Claims 1, 2, 3 and 5 are rejected under 35 U.S.C. 103 as unpatentable over Purdy in view of McIlvaine. * * * The Purdy patent discloses and claims the combination recited in claims 1, 2, 3 and 5 except for the use of a filter. The use of a filter to limit the wavelengths of light to a part of the spectrum used by Purdy would be an obvious expedient to anyone skilled in the art since McIlvaine teaches the use of a filter transparent only to infrared light and used in a detector control assembly containing a louver panel to limit the direction of radiation reaching the detector. * * * [Emphasis added.]
Claim 4 is rejected under 35 U.S.C. 103 as unpatentable over Purdy in view of McIlvaine and further in view of McKnight who teaches that the use of arsenic trisulphide as a lens which is transparent to infrared radiation is well known in the art. * * *
The examiner also used terminology which ultimately was viewed as a rejection for "double patenting." However, as will be noted, the examiner used this argument at best as a make-weight for rebutting the appellant's position and did not assert it as another rejection on that ground. Thus, the examiner stated:
Applicant argues that the use of the Purdy patent as prior art is improper * * *. The Purdy patent discloses and claims essentially the same invention urged in this case. There is no mention in the patent of using a filter in front of baffles to restrict the wavelengths of light to infrared radiation. This has been shown to be an obvious expedient in the art. What applicant is now claiming appears to be an obvious expedient or obvious addition to the invention claimed in his patent. The Purdy patent is used for this purpose. The allowance of claims such as claims 1 to 5 in this case would have the effect of extending the monopoly on Patent No. 3,036,256 and granting applicant additional patent coverage for elements well known in the art. Claims 1 to 5 in this case appear to be a mere coloration of the coverage obtained in the earlier patent.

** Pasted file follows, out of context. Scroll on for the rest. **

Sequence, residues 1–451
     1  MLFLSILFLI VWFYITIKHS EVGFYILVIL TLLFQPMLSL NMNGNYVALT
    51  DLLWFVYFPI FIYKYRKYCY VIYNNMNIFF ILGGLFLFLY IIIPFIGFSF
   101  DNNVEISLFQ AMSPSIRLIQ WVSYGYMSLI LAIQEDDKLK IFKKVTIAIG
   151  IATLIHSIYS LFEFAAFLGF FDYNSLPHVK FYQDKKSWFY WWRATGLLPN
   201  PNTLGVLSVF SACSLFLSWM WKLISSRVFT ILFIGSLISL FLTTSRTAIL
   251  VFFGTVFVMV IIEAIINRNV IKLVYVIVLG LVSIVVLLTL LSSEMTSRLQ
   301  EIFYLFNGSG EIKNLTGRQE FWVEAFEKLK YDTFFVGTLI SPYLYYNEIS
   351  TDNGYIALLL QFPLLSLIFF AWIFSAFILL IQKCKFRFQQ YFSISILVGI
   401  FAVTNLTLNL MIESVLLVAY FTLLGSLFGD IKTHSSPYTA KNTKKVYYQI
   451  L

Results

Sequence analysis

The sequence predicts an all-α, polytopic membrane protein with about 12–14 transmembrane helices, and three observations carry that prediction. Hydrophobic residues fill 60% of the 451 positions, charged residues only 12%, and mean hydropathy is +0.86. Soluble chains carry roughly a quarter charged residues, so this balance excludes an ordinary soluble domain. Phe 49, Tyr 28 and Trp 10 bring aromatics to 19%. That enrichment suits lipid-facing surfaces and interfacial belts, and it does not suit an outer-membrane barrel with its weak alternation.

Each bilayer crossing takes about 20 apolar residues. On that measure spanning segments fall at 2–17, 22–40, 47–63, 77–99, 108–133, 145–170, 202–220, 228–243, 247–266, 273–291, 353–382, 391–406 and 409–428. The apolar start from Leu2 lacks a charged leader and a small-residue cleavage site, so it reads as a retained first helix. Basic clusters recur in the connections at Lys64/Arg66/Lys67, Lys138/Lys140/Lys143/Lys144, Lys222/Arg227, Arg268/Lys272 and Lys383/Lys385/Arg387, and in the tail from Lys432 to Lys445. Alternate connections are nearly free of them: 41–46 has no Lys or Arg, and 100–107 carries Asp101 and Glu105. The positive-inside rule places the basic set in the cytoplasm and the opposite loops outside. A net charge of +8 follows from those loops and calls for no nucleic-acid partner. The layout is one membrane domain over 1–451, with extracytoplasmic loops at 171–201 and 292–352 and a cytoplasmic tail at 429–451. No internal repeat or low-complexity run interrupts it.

The board found both a "double patenting" rejection and a statutory rejection under 35 U.S.C. § 103 in the examiner's vague statements. After restating the examiner's position, the board noted appellant's argument that the teachings of Purdy "are not prior art with reference to the claims of the copending application," and concluded:
We have carefully considered appellant's arguments but find no reversible error in the Examiner's rejection of the appealed claims as being unpatentable over the references. * * *
To support this position the board used language better suited to explaining a "double patenting" rejection than in justifying a rejection under 35 U.S.C. § 103.
It seems to us that a person skilled in the art having appellant's problem as well as the structure claimed in the Purdy patent before him would be taught by the McIlvaine patent to use an infrared filter in connection with subject matter claimed in the Purdy patent. [Emphasis added.]